Hallucinations, Dead Relatives, and AssumptionsMy father died last year, so I had quite a few conversations with folks who worked with him, in a hospice program. Nice people, by the way, all of them.
My father reported seeing folks from his family: people he'd grown up with. He reported seeing members of my household, too, when we came to visit. The difference is that the folks from my household who visited are still alive. The folks he grew up with: most of them have been dead for a while.
Folks from hospice discussed this sort of thing with me, and I noticed two approaches to the data.
One was to call what my father reported "hallucinations," and explain to me that this sort of thing is fairly common among people who have lived a long life, and are now in the process of dying. I'm sure the intent was to inform and reassure me: and I was touched by the effort.
The other was to call what my father reported as - visits. From people he knew. Along with an explanation that folks who are dying often report visits like that.
Both people were discussing the same sort of phenomenon with me. Each had her own set of assumptions about how the data - my father's reports - should be interpreted.
Do I believe in ghosts? If by that you mean, am I a 19th-century spiritualist? No. I don't pay mediums to connect me to one of my pet cats, either.
But, do I believe that I can't die, and that I've never met a "mortal" human being: because there isn't any such thing? Yes. I could be wrong about this, but I really don't think so.
Why Did I Not Confront The Unbeliever With The Error Of Her Ways?I suppose I could have tried to "convict" the hospice worker who regarded my father's reports as hallucinations. But I didn't.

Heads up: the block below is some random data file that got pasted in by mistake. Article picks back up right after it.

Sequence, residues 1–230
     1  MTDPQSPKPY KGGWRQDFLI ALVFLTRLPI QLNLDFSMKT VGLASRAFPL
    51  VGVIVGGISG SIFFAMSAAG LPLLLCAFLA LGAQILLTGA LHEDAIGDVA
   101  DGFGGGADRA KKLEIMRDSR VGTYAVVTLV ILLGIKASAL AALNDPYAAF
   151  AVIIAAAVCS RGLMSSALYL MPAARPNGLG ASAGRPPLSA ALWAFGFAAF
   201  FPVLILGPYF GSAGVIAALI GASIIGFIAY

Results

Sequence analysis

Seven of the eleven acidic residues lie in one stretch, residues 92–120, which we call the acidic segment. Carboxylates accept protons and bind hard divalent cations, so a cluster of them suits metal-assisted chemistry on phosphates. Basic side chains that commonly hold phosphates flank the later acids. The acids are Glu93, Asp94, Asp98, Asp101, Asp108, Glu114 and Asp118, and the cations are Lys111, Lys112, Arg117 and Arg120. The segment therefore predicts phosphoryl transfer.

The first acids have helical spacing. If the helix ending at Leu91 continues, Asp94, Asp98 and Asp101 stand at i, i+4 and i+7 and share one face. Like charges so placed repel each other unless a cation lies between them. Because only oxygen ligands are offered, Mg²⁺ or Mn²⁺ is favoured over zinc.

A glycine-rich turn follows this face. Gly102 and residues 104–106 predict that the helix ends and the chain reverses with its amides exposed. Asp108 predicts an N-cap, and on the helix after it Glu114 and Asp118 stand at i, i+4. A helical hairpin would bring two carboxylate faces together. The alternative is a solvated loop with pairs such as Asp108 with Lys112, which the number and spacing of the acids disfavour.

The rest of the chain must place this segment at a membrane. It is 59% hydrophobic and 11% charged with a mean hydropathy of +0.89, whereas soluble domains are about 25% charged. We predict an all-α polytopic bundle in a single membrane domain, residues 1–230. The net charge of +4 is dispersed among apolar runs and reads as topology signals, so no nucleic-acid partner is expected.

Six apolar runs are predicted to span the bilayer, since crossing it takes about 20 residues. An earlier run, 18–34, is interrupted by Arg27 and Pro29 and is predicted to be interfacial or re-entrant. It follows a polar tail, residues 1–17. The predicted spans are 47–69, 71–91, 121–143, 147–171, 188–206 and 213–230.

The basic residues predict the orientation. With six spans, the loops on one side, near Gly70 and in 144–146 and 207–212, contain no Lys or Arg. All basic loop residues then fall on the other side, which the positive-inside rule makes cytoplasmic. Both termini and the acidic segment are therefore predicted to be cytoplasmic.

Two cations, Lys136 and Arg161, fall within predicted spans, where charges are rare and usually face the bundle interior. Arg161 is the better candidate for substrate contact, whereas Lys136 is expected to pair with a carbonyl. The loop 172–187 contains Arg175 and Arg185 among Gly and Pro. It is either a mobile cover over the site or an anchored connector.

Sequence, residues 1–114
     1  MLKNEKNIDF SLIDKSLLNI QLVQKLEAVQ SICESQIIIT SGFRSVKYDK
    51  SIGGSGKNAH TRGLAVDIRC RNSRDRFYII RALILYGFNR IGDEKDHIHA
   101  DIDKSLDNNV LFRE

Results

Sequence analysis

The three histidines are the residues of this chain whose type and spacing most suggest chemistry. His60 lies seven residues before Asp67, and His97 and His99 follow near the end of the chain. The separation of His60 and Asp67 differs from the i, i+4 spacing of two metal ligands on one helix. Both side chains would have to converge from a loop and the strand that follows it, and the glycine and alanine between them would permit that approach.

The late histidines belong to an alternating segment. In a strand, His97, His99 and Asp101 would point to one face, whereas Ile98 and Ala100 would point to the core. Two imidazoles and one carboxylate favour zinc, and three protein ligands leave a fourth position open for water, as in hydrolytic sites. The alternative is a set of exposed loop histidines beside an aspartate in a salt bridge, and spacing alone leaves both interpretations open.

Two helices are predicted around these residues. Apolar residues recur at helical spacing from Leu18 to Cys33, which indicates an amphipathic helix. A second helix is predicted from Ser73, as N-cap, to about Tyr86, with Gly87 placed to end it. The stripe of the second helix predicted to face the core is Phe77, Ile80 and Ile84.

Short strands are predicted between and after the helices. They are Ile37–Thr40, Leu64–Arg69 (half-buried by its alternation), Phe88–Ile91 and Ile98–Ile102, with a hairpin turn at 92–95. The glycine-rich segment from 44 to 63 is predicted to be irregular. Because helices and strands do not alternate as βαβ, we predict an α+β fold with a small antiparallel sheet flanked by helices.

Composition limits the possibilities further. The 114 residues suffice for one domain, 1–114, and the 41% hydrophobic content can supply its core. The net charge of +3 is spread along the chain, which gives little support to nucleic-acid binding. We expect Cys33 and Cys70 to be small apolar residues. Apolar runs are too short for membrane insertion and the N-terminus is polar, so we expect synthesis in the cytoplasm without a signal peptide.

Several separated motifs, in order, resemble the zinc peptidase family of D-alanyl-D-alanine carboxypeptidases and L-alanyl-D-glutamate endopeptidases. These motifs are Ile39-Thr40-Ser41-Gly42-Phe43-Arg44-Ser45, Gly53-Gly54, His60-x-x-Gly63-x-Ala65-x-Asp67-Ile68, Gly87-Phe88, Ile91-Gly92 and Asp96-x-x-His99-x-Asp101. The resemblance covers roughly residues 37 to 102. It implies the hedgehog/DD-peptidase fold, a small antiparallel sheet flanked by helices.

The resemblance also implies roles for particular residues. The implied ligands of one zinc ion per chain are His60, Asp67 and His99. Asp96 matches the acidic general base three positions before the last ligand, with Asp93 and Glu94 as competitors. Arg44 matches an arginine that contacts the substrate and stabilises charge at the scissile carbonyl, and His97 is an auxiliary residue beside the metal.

For what I hope are good reasons.
I've been preached at by some well-meaning (I trust) folks. I don't react well to slogans hurled at me - no matter how impassioned the delivery. I am not likely to embrace assertions that reject almost everything I've been taught: certainly not if aggressively raised in a conversation about something else.
My guess is that quite a few people in America have similar reactions to 'Bible thumpers.'
I did, as I recall, drop a suggestion that nearly-universal experiences may have many possible explanations. And left it at that. There was no clear opportunity for 'witness,' beyond what I did. Besides, the hospice worker has at least as much data as I do about end-of-life experiences: and I think that facts, in the long run, often speak for themselves.
Do I Believe in Ghosts?Like I said, I'm not a 19th century Spiritualist.
On the other hand, I've lived too long and experienced too much to assume that being "rational" in a good old-fashioned Victorian-Materialist sort of way is particularly sensible. I'm dubious - putting it mildly - about people who excitedly talk about how some fellow who died a long time ago and comes to see them regularly.
But I accept the idea that people have a soul (Catechism of the Catholic Church, 1703) - and that the very common reports by people who will soon die, of seeing 'dead people' they knew might be something other than "hallucinations."
Finally, the Point of This PostA couple days ago, PatriceEgging and I were discussing something on Twitter. The subject of posting about personal 'spiritual' experiences was raise, and she said something like 'I will, if you will.'
So, I wrote "Really Spiritual Experiences: Those are Okay" and posted it Thursday.
Now, she's posted "Why I believe in Heaven," Patrice Egging: Music and Ministry (April 24, 2010).
And that's what this post is about: linking to that post.
- "Really Spiritual Experiences: Those are Okay"
(April 22, 2010)
- "The Catholic Church: Universal. Really"
(April 19, 2010)
- "Accommodating Indigenous Cultures: Including Ours"
(January 10, 2010)
- "'If you must see ghosts ...' Materialism, Being Spiritual, and Uncle Deadly"
(December 18, 2009)